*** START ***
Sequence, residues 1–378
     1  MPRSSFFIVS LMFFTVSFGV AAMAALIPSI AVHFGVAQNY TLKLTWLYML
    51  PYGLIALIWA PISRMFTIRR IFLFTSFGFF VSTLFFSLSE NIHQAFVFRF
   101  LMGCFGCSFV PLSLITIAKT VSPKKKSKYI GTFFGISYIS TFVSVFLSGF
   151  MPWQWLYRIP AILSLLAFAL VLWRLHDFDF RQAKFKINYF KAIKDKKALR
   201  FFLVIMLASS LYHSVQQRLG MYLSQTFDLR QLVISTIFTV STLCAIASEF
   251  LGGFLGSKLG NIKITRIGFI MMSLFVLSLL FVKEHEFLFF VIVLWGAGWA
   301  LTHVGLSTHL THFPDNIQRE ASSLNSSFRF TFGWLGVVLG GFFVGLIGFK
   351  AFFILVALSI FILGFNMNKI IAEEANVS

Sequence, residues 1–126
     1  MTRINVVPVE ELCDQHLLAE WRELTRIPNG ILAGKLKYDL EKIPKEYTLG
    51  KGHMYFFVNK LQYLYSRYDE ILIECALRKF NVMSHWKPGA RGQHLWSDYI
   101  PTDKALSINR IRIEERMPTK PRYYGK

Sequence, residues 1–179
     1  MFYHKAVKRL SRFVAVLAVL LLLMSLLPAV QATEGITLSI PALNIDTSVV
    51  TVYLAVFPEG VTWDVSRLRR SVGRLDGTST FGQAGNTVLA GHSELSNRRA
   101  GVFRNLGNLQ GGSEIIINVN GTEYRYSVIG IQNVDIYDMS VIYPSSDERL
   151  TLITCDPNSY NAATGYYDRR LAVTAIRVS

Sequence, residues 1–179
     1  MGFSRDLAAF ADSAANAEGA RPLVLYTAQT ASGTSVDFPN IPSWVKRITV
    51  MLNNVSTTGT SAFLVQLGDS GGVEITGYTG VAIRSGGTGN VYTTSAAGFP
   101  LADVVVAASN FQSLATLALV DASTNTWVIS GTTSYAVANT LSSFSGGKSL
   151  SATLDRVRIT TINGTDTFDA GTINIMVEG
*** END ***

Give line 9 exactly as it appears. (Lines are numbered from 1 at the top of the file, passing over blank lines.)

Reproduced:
   351  AFFILVALSI FILGFNMNKI IAEEANVS